Bisexual Women in Relationships: Searching for Media Support
People do not understand bisexuality, and society and media do not support it.
Posted Nov 20, 2019 | Reviewed by Gary Drevitch
Much of my early research and clinical focus was on the social discourse pertaining to female bisexuality — specifically, in female, same-sex couplehoods where infidelity was present on the part of the bisexual partner.
The choice to focus my research on the experiences of lesbian women in relationship with bisexual women came from a personal place and a desire to increase my understanding and depth of empathy towards my bisexual sisters: In addition to my professional discipline as a psychologist and licensed marriage and family therapist, I identify as a lesbian woman married to a woman who identifies as bisexual.
As for many, coming out as a lesbian woman in my early twenties, I had limited knowledge of the bisexual community. This common lack of understanding fuels a lack of acceptance within the LGBTQIA+ community and contributes to the larger dominant discourse pertaining to bisexuality.
During my personal growth early on in my training as a therapist, I was acutely aware of the stigma and messages about bisexuality. It became clear that a lack of acceptance, education, and societal shaming fueled these beliefs. Even today, although proud of my efforts in decreasing such stigmatization and encouraging awareness both in and outside of my therapy office and the LGBTQIA+ community, I feel shame in having supported such damning stories.
The Role of Media
The impact of media on these same-sex relationships was a recurring theme in conversations I engaged in over the months I spent with the participants in my initial research. These lesbian partners in committed relationships with female bisexual partners discussed media often when sharing about their partners’ infidelity.
These women quickly reminded me of my own privilege as a lesbian woman, while highlighting that while there are strong lesbian women portrayed in the media, where were strong bisexual leading ladies? More so, how was their absence impacting the couples presenting in my office, often in conflictual relationships?
Using a transcendental phenomenological model, I utilized a purposeful sampling to collect a sample size of 10 participants. The rationale behind choosing a sample size of 10 was to create a rich, thick (in-depth) description of the phenomenon being studied, from which to extract substantial data.
I specifically employed a criterion sampling method to identify potential participants with the goal of most authentically representing the experienced phenomenon. I sought women, 18 years of age or older, who identified as lesbians, and who had or were in a relationship with a bisexual woman who had been unfaithful through an act or acts of infidelity, while in said relationship. The definition of infidelity was at the discretion of each individual participant and could range from anything from; kissing, touching, an emotional connection, intercourse, or online sex.
Participants must have been or were in a relationship with a bisexual woman with whom they experienced infidelity with for one year. I interviewed participants who resided in Southern California. I felt it was important for the study to focus on a sample pulled from one geographical location in order to highlight specific commonalities among these participants, and to inform the therapeutic practices of those marriage and family therapists practicing in the region.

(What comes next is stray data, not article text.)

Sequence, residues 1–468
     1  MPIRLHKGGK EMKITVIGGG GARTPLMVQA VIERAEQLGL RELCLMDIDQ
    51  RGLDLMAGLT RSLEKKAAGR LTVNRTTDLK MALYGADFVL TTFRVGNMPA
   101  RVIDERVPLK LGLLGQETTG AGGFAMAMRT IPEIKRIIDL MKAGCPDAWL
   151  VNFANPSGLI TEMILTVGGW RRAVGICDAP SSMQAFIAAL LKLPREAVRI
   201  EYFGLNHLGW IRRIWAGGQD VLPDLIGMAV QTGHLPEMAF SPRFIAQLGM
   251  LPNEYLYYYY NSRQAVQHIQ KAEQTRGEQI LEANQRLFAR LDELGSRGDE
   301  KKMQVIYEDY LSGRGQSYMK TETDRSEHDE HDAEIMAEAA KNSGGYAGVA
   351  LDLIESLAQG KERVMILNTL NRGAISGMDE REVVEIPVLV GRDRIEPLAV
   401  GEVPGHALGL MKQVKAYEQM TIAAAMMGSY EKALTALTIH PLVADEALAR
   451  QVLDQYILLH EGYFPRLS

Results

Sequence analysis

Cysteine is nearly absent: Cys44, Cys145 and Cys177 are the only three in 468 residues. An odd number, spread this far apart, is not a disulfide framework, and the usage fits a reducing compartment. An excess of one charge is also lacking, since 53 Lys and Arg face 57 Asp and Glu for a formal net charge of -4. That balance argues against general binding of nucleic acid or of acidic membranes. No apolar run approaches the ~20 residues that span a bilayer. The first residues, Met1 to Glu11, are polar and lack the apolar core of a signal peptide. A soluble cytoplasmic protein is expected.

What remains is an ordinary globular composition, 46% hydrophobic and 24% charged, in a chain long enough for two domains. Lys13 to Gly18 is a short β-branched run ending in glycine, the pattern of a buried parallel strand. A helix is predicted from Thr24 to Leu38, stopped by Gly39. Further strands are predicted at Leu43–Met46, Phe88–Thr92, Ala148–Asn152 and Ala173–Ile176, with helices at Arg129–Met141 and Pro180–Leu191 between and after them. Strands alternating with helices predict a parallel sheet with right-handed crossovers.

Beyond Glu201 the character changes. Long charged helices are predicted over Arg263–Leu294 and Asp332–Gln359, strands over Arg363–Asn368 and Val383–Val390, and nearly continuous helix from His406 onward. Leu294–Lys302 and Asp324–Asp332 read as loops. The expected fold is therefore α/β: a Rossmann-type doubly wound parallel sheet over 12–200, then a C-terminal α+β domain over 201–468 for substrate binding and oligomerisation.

The overarching beliefs from participants in my study were that people do not understand bisexuality, and that society and the media do not support bisexuality. More so, the participants explored the influence this lack of understanding, support, and presence had on how they conceptualized their partner’s infidelity and also their shame in being in partnership with a bisexual woman.
Many of the participants shared on the concept that “people don’t trust what they don’t know.” One twenty-something lesbian related her experience when she came out as bisexual years prior, and her family’s expressed confusion, which led to their disapproval of her bisexual identity. Years later, when she came to identify as a lesbian, her parents expressed relief at her lesbian identification: Finally, they understood!
Another participant spoke of the lack of acceptance of bisexuality in society when she stated, “It’s not socially acceptable to be bi. The message bisexual women receive is to choose either be with a woman or a man. Who knows? Maybe lesbians perpetuate this, too.”
The influence of dominant discourse on society’s lack of support of bisexual women became an undeniable theme in this research.
Further exploration in both my research and clinical practice has emphasized the role of media in the lack of attention given to the bisexual community. American media has become comfortable with and often portrays gay and lesbian characters. While these portrayals have become trendy and mainstream in 2019, there are no popular, award-winning shows featuring a bisexual, female character in a healthy relationship. As one of the study’s participants stated, “It’s like bisexuality doesn’t exist in the media. It’s like it’s not something you can talk about in the same sentence as commitment.”
This proven lack of societal presence and support in the media is critical to continued discussion of maintained narratives by both partners in these couplehoods. It has become an opportunity to acknowledge the deep influence the lack of positive media portrayal has on how the lesbian partners I work view their partner and the greater bisexual community.
It has also led way to exploring internal biphobia and a deeper, more connecting conversation about femininity, shame, and what it means to be a woman in couplehood with another woman.